Conflict-related sexual violence
Master class by Dr Denis Mukwege, Nobel Peace Prize winner 2018 and director of the Panzi Hospital
Laudation: Rector Herman Van Goethem
- Master class: Vaccine Emotions: Why politics, beliefs and histories matter
By Prof Heidi Larson, London School of Hygiene and Tropical Medicine
Vaccine reluctance and refusal are no longer on the margins of society, but have become increasingly mainstream and global, entwined with geo-political issues, as well as local political campaigns, religious and cultural issues, and age old devotion to Mother Nature over modern technology. Those dissenting are parents, politicians, and in some cases even health professionals. Their questions and issues are varied, and they are not giving up in their quest for answers. Do we really need so many vaccines? Are they safe? Why can’t we (the public) choose what we want? What are the real motives? Who is the State to impose mandates on our freedom of choice, and impose on our religious or other beliefs?
What is common to all these questions is deep underlying doubt and distrust. What happened?
This talk considered vaccine emotions in Europe –where there were more measles in 2018 than in all of Africa, psychosomatic reactions among adolescent girls after HPV vaccination in multiple countries – from Latin America to Asia, vaccination in the context of Ebola and civil conflict, and stalled polio eradication because of militancy in Pakistan’s northwest frontier and Nigeria’s Boko Haram. Vaccine emotions are about much more than just the vaccine.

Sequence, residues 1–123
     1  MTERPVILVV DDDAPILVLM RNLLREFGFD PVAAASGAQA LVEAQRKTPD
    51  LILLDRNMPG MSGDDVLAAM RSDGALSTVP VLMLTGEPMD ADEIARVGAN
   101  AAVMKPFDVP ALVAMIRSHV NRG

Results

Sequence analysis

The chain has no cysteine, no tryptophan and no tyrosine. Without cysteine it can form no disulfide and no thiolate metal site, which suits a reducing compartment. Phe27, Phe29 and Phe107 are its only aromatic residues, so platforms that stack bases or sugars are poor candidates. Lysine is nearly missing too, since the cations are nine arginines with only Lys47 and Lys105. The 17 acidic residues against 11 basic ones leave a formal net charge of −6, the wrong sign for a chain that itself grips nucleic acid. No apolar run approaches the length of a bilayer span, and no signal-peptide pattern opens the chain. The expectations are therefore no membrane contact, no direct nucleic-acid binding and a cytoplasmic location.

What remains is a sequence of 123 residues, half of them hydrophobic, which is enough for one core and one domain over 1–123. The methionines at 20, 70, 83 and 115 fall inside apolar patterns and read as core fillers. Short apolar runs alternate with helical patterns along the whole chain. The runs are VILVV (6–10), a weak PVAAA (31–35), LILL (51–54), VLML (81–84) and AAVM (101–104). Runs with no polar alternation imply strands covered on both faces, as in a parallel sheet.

- Master class: Conflict-related sexual violence
By Dr Denis Mukwege, Nobel Peace Prize winner 2018 and director of the Panzi Hospital
Dr Denis Mukwege campaigns globally to bring the use of rape and sexual violence as a weapon of war to an end.
As the number of rape victims arriving at the gate of Panzi Hospital increased, Denis Mukwege realised that medical services alone will not solve the problem. “You can’t operate against violence,” he says. “You can only abolish it.” Together with the Yazidi activist Nadia Murad, Dr Mukwege received the 2018 Nobel Peace Prize for his “efforts to end the use of sexual violence as a weapon of war and armed conflict.”
In his efforts to bring the topic to the attention of the UN and other international organisations, to increase protection for women and to advocate that those responsible for sexual violence be brought to justice, he has become a leading activist for human rights and gender equality.
Mukwege is “the helper” who has provided medical care and surgery for thousands of survivors of sexual violence in his country, the Democratic Republic of Congo (DRC). In 1999 he founded the Panzi Hospital that’s become known for its comprehensive support to over 48,482 survivors of sexual violence.